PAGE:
The episode raised many questions, the most obvious of those is: how could a vehicle pass an armed U.S. Navy security checkpoint and then wander for several minutes inside an active airbase with flying activity in progress?

“What went wrong? Regardless of the security procedures, something went wrong,” said Cmdr. Monty Ashliman, the commanding officer of NAS Lemoore according to an article posted the day after the accident. “We have to figure out a way to prevent that from happening in the future. […] “There will be an intense effort to ensure that we not only take care of our assets and be good stewards of the tax payers dollars but that it’s absolutely safe before it goes flying again” he said.

Security protocols and procedures were updated after the review that followed the accident.



According to the report issued after the accident, hydraulic concrete barriers that raise up from the ground to stop such incursions were deployed only after the Jeep had already passed through. Moreover, the investigation highlighted that CHP officials were unable to notify NAS Lemoore personnel about the pursuit because they were calling an active number that had been provided to them for the base but it “was associated with an NASL building that had been demolished approximately 10 years prior.” Attempts to call on a back up number failed as well. The most concerning part of the report is that sailors at the “checkpoint didn’t know about the SUV until a CHP officer tracking the SUV drove up to the checkpoint booth and informed them.”

Contact between the NASL Regional Dispatch Center and CHP dispatchers was established only “six minutes after the Jeep Grand Cherokee hit the F-18 Hornet.” Furthermore, the report highlighted that the internal mobile radio system used by personnel at NAS Lemoore was not compatible with the equipment in use with the local law enforcement.

The conclusion of the U.S. Navy report recommended that NASL should maintain an updated phone contact list with “all federal, state and local law enforcement entities” and periodically test for two-way communications to verify accuracy, The Hanford Sentinel reported.

There might have been further security changes following the accident, but these have not been made public.

The extent of the damage to the Hornet is also unknown.

H/T David Ljung for sending this over

Watch This: Ukrainian Air Force Su-24M Fencer Insane Low Pass

You can’t fly lower than this….

We have already posted quite a few videos of Ukrainian Air Force aircraft performing ultra-low level passes. The most famous ones are those of a MiG-29 performing a show of force onpro-Russia separatist blocking rails; a big Ilyushin Il-76 buzzing some Su-25s (and the Frogfoots returning the favor while buzzing the tower); a Su-25 flying low over the heads of a group of female soldiers posing for a photograph and then performing an aileron roll; a Su-27 Flanker performing a low pass right after take off; and a Su-24MR tactical reconnaissance aircraft flying low over the flight line at Starokostiantyniv.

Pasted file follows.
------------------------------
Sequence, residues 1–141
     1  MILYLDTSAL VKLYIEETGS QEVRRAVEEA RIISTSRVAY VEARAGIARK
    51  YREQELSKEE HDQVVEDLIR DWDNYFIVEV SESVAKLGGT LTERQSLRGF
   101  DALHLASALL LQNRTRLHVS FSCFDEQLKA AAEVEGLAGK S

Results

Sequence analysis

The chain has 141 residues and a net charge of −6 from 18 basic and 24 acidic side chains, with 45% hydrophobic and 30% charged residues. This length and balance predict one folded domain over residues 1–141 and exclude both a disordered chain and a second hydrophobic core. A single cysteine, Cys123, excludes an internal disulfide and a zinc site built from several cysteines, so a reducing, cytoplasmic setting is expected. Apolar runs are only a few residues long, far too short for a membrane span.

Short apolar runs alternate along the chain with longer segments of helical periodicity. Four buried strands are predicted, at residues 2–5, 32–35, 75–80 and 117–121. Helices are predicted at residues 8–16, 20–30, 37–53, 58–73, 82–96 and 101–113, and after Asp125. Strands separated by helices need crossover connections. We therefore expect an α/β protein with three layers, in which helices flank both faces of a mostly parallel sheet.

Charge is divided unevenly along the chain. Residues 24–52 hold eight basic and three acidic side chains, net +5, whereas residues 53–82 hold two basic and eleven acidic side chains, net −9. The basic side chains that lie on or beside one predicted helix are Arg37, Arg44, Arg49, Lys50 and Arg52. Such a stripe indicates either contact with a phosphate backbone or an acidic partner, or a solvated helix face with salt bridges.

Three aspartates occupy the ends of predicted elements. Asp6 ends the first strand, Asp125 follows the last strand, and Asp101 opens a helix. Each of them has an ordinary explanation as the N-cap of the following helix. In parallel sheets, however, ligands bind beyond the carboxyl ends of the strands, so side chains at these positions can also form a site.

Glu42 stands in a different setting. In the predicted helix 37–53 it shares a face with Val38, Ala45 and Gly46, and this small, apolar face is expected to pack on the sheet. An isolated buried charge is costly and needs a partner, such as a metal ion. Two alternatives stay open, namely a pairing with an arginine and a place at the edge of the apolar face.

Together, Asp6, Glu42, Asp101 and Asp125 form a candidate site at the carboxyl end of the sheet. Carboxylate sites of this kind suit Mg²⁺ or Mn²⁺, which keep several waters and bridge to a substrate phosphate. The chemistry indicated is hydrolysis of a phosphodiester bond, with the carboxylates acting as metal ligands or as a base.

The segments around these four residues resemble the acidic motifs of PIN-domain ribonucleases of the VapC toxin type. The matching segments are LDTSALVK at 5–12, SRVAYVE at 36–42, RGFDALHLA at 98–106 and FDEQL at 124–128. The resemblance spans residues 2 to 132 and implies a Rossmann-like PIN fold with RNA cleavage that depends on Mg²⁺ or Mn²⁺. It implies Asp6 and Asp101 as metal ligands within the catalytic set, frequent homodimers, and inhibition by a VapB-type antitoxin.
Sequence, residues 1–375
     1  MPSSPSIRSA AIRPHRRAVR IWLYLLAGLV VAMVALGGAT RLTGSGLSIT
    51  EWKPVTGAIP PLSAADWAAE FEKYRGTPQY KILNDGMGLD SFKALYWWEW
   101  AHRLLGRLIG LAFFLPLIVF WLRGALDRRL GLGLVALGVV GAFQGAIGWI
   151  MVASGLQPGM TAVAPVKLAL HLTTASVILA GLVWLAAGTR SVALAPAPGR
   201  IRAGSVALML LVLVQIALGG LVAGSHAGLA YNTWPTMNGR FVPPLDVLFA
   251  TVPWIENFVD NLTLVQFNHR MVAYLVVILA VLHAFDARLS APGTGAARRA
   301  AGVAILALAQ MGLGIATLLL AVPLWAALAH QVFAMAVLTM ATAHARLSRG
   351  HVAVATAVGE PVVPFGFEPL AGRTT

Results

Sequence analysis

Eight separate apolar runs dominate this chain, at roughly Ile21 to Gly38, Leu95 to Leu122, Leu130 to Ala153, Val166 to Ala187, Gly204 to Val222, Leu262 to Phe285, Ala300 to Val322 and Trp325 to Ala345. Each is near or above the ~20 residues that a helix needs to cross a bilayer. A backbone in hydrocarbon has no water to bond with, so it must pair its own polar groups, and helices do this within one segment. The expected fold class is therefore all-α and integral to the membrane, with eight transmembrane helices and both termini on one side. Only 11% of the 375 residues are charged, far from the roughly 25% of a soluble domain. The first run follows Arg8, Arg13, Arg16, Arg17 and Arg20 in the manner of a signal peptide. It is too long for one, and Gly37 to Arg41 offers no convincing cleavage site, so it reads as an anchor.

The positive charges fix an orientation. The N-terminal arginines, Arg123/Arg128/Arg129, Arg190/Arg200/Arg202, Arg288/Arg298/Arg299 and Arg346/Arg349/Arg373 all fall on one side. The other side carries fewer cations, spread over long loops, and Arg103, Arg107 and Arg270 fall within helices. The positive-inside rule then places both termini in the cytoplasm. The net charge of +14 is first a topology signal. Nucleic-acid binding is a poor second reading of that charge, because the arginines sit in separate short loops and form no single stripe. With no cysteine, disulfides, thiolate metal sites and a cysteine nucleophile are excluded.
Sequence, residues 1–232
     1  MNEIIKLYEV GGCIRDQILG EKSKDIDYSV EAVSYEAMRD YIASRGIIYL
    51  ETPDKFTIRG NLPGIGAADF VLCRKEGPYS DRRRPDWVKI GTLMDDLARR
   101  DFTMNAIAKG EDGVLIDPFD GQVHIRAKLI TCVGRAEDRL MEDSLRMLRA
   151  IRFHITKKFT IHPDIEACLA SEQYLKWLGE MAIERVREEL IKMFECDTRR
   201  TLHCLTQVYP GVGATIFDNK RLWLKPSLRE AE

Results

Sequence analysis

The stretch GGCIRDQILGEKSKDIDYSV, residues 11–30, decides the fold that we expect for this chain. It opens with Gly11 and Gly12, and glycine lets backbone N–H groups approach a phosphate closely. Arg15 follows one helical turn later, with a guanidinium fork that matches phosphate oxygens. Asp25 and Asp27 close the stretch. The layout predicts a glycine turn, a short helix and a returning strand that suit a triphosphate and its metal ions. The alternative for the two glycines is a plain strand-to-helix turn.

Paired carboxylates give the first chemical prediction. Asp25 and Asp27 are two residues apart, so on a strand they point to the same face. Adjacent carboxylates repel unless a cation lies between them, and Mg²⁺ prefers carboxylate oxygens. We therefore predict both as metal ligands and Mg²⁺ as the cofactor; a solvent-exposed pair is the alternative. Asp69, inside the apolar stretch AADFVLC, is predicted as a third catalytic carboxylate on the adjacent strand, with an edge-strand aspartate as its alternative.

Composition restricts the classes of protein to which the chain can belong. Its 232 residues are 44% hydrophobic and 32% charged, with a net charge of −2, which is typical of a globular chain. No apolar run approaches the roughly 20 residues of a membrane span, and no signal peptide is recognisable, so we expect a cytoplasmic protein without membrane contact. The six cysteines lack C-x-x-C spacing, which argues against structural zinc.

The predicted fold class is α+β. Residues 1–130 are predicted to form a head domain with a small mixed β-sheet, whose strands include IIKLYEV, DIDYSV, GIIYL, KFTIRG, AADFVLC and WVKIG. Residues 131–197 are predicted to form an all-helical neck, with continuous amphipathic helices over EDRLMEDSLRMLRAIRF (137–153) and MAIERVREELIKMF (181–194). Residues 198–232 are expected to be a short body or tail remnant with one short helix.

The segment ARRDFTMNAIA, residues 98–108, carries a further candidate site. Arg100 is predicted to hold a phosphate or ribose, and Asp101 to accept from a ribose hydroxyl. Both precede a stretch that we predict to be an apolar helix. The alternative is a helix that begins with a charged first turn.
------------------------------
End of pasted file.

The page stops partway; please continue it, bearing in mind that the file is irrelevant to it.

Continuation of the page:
The latest footage is really impressive. It shows what is probably a Su-24M Fencer, a supersonic, all-weather,  twin-engined, two-seater plane with a variable geometry wing, designed to perform ultra low level strike missions developed in the Soviet Union and serving, among the others, with the Syrian, Iranian and Libyan Air Force buzzing the flight line at an airbase in Ukraine, probably once again “Staro”, where the Fencers of the 7th Tactical Aviation Brigade are based.

Although Ukrainian Air Force pilots regularly fly at low altitude, this time the Su-24 appears to be lower than comfortable for the camera man, missing the other Fencers on the apron by a matter of a few meters (or maybe centimeters…).

Anyway, here’s the footage for you to judge:



H/T MilitaryAviation.in.UA

USMC F-35B Lightning Crashes Near MCAS Beaufort, South Carolina: Pilot Ejects.

Details of First-Ever F-35 Joint Strike Fighter Crash Are Developing.

A U.S. Marine F-35B Lightning II Joint Strike Fighter has crashed near Beaufort Marine Corps Air Station outside of Beaufort, South Carolina on the U.S. East Coast. Reports indicate the pilot ejected from the aircraft. His condition is not known at this time.

MCAS Beaufort is home to Marine Fighter Attack Training Squadron 501 (VMFAT-501), the “Warlords”. The unit is a training squadron equipped with 20 F-35B Lightning II aircraft and serves as the Fleet Replacement Squadron.

This first-ever crash of an F-35 Joint Strike Fighter comes only one day after a U.S. Marine F-35B flew its first operational combat mission over Afghanistan.

This story will be updated as more information becomes available.

Update 17.55 GMT

Update 18.48 GMT

Video filmed at the crash site: